One of the great joys and respites of travel is curling up for a good night’s sleep after a long day exploring. For a long time, hotels and motels have been the preferred places for many travelers to put up their feet, while backpackers and budget travelers visited guesthouses and hostels for cheaper and less luxurious accommodations. But one of the points of hotels is that they offer a homogenous experience of travel, differentiated by levels of luxury rather than style: a bed, nightstands, TV, chair, and a sameness that extends around the world.
Enter the hanok guesthouse. Offering a unique experience that gets straight to the heart of Korean traditional life, these new guesthouses range from luxurious and palatial houses with amenities to rival four-star hotels to humble but welcoming homes run by families who want to share the true warmth of Korean hearts. These traditional Korean houses have been transformed into places of hospitality that welcome both domestic and foreign visitors and allow them to experience firsthand the beauty of tradition, while trying out comforts that hotels can never offer.
The traditional hanok consists of a beautiful interlocking wood frame, wattle and daub construction, and a thatch or tiled roof. The interiors are usually finished in a clean and soothing white plaster, with the exposed wood of the frame left gleaming and visible. Most rooms have waxed paper floors that allow the underfloor heating to shine through and efficiently warm an entire room, and one or more rooms with wood floors that help create a cool atmosphere in the summertime. Elegant sliding doors made of paper and carved wood separate the rooms, and the doors to the exterior can be folded to the side or up to allow breezes to effectively cool the entire house in hot weather.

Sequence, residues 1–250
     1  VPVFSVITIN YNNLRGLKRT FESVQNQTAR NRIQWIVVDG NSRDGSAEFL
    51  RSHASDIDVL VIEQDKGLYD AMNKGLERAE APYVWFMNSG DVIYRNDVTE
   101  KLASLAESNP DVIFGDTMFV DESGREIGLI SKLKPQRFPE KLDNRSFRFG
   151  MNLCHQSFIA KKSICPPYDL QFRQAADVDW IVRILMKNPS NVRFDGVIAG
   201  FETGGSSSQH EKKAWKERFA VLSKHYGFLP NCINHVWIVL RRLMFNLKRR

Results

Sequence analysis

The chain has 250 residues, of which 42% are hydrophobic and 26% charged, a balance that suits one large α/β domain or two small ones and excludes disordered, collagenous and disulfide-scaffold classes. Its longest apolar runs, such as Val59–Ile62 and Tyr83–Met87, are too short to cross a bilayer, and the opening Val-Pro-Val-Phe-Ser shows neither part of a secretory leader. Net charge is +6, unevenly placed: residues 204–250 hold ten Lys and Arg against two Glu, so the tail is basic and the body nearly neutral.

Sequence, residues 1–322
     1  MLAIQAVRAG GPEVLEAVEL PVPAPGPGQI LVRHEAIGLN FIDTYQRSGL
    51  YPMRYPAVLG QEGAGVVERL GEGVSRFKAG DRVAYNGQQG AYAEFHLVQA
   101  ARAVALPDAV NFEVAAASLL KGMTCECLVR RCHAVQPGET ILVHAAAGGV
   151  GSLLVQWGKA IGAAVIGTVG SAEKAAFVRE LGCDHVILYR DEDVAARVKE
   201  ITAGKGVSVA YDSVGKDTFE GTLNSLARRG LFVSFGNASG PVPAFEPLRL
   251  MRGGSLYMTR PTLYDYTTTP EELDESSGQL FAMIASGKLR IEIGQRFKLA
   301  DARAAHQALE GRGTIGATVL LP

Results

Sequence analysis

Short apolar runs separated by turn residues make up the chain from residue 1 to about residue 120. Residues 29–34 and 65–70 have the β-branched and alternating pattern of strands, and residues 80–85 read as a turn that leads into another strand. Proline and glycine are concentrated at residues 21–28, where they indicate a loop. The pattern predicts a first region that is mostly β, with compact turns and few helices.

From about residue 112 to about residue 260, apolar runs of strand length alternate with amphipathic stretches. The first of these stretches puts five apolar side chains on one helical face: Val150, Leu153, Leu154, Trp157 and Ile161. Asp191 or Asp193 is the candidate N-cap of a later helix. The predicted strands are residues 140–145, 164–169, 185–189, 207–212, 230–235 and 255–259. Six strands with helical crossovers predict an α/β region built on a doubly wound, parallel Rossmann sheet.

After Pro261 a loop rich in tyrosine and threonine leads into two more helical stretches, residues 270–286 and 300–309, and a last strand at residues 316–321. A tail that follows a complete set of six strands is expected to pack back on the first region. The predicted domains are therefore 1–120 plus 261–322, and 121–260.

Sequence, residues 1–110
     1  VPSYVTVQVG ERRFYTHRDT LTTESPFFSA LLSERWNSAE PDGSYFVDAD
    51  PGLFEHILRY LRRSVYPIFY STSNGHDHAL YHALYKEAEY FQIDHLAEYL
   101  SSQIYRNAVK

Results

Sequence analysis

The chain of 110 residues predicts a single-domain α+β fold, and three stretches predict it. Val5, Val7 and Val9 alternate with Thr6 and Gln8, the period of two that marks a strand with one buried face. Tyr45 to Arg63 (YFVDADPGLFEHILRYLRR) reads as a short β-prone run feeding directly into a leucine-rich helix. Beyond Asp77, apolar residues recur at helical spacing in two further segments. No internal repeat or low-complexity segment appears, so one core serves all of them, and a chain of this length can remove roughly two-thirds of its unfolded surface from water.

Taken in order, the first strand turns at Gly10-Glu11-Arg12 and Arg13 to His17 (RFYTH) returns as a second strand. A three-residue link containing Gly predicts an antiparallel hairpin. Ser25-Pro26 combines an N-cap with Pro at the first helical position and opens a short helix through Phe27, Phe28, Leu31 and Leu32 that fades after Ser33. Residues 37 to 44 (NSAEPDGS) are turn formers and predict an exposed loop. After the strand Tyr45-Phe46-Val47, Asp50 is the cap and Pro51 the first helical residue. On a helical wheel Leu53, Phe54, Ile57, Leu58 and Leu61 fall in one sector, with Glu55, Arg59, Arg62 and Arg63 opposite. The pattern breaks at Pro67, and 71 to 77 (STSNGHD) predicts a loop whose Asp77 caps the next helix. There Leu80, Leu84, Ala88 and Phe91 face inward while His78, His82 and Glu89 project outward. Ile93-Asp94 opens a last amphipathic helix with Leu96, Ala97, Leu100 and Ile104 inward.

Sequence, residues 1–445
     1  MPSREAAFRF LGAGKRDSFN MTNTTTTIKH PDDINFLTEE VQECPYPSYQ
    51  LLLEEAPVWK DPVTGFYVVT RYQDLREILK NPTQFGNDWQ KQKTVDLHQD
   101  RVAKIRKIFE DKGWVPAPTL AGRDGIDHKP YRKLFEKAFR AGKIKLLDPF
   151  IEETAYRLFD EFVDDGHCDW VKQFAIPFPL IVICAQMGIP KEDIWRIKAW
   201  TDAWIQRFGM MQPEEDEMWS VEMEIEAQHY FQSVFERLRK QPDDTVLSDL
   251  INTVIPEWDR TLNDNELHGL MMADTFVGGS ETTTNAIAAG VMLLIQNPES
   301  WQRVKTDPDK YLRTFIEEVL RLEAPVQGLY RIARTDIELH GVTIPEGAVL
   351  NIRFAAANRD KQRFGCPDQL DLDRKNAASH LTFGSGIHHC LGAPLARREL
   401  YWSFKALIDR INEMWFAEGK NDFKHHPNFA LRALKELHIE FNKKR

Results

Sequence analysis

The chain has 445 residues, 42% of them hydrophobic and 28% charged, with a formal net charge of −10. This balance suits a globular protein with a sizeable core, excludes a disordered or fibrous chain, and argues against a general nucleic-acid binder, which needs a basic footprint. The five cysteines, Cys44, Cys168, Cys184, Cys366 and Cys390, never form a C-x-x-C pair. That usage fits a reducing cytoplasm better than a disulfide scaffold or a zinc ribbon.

But Seoul is one of the most densely populated cities on earth, and many people came to prefer the ease of apartment living. Tall apartment towers have become typical housing for Korean families, leading to the destruction of many hanok in the cities. The remaining homes, concentrated in older parts of the city like Bukchon, Seochon, and Seongbuk-dong, were still loved, but many people questioned their relevance to modern lifestyles.
The rise of the hanok guesthouse has been a vindication for Korea’s architectural heritage. While some homeowners were welcoming international guests in their homes for decades, new regulations helped promote the conversion of hanok homes into guesthouses as a way to promote the preservation of the buildings, help house the rising number of international tourists, and aid the families trying to hang onto their homes. It has also encouraged people to build new hanok, showing them that traditional forms can be a part of modern lives and modern comforts.
Now there are hundreds of hanok guesthouses throughout the country, opening up their doors and the way of life inside them to outsiders. It has helped save the architecture, preserving them for the world and making them sustainable for Koreans.
Staying in a hanok is a different experience than being in a hotel or hostel, and for many visitors, they are the most direct route to not just seeing, but feeling and directly experiencing traditional Korea. While some hanok guesthouses have beds and Western furniture for the comfort of their guests, others still use traditional mats called yo for sleeping on the floor, and cushions for sitting at low tables to eat and drink during the daytime. Most hanok have also expanded to include cultural programs, including lessons in traditional music, handicraft experiences, dressing up in traditional Korean clothes called hanbok and trying Korean foods and teas. Many families also give tours of their neighborhoods, showing the hidden corners and sharing the special knowledge that only comes from long-term residents.
Hanok guesthouses allow visitors to not just glimpse, but truly experience life in Korea. By staying in a hanok guesthouse, people can immerse themselves in the beauty of the architecture and the warmth of the people. They help connect the past and the present, the old and the new, the traditional and the modern, all while bringing people together.
Written by Jennifer Flinn
46 Yulgok-ro 1-gil, Jongno-gu, Seoul